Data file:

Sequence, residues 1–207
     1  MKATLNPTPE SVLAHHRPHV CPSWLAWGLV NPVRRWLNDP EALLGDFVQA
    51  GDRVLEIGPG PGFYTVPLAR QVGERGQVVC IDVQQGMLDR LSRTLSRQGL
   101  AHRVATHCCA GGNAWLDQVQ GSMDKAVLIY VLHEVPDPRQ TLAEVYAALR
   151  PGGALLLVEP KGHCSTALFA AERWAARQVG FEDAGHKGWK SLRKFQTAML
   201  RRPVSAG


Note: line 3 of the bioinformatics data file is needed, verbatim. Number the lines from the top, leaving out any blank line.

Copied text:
    51  GDRVLEIGPG PGFYTVPLAR QVGERGQVVC IDVQQGMLDR LSRTLSRQGL